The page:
In 1889 Mr. Judge published an interpretation of "The Yoga Aphorisms of Patanjali," a book of the highest value to advanced students. In February, 1891, he established The Oriental Department of the Theosophical Society (American Section) in furtherance of the Second Object; pamphlets were issued monthly containing valuable translations; many of these from the Upanishads, a very ancient embodiment of writings dealing with the origin of the Universe; with all being; the true relation of spirit and matter; the universality of mind and the nature of the human soul and Ego.

All through the "Path" magazine, edited by Mr. Judge, are to be found translations and references to the wisdom of ancient India. His work and that of H. P. Blavatsky were contemporaneous and complementary. They gave the direction to proper study, and clearly indicated the purest and best Eastern works extant.

Although Their efforts have been followed by an inroad of Hindoo and other religious teachers, it never was intended by Them that the minds of the West should be turned to modern India or the East with its exoteric, sectarian teachers; its peculiar and different religions; its hide-bound castes, rites, ceremonies and superstitions, but to that Archaic Wisdom, the fountain from which all the great world religions sprung in their original purity, but which have become corrupted and encrusted with error through centuries of human selfishness and ignorance.

No new knowledge can be imparted to humanity without affording a wider range of activity for those who are evilly disposed; and as selfishness, bigotry, spiritual blindness and superstition still prevail among men, it is not to be wondered at that the false is taken for the true and the true for the false. Had the warnings and advice of the original Teachers of Theosophy been heeded, much of this might have been avoided, for there then would have existed a strong corrective in the form of a United body of Theosophists, whose unbroken front and unassailable motto "There is No Religion Higher Than Truth," would have caught the attention of many thousands now entangled in the hopeless maze of Eastern errors, the karmic inheritance of those who asked, received, and failed to give.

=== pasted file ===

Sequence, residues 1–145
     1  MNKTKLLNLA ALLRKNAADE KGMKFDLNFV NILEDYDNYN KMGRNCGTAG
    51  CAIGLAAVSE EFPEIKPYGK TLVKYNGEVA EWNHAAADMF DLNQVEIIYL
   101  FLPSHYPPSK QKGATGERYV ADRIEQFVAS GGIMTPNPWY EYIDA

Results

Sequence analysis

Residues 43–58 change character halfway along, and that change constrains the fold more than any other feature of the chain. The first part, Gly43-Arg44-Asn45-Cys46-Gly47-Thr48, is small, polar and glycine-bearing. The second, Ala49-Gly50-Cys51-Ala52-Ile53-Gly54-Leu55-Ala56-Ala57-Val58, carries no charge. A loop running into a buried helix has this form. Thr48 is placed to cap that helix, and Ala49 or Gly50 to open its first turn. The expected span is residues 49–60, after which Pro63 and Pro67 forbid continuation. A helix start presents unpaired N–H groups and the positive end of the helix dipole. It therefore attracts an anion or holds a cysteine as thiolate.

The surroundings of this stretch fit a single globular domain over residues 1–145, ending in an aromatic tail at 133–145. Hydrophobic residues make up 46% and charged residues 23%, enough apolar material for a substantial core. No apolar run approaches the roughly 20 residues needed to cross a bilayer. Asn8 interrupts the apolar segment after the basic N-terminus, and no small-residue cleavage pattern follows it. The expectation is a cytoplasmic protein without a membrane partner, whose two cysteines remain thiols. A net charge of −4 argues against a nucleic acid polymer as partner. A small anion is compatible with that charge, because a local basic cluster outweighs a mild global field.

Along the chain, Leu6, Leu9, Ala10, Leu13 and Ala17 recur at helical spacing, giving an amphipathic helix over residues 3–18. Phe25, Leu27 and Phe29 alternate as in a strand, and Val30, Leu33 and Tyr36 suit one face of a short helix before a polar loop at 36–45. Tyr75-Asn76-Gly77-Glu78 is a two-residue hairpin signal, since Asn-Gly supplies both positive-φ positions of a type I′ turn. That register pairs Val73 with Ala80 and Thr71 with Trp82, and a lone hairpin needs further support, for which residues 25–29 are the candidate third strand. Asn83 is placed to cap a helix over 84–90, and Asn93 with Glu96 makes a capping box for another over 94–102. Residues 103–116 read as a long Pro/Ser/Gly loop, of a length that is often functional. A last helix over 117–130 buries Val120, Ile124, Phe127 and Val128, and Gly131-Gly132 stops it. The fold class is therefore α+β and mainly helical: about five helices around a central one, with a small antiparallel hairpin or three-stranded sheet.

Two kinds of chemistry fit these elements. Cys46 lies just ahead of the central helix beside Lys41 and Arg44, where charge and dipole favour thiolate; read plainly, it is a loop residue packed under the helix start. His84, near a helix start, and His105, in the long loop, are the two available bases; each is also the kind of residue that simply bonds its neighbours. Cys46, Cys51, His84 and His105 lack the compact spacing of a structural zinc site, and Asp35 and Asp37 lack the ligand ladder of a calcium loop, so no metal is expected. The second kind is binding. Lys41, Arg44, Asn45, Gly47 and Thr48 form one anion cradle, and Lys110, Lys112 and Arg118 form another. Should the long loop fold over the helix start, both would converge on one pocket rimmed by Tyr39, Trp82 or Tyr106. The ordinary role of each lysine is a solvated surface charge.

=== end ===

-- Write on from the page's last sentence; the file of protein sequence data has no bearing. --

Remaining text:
COMPILER'S NOTE: The following is a separate item which followed the above article but was on the same page. I felt it was useful to include it here:

Have perseverence as one who doth forevermore endure. Thy shadows live and vanish; that which in thee knows, for it is knowledge, is not of fleeting life; it is the Man that was, that is, and will be, for whom the hour shall never strike. 


--The Voice of the Silence


Assimilation with the Supreme Spirit is on both sides of death for those who are free from desire and anger, temperate, of thoughts restrained; and who are acquainted with the true Self. 


--Bhagavad-Gita


Alas, alas, that all men should possess Alaya, be one with the Great Soul, and that, possessing it, Alaya should so little avail them! 


--The Voice of the Silence


It is impossible for mortals to utterly abandon actions; but he who gives up the results of actions is the true renouncer. 


--Bhagavad-Gita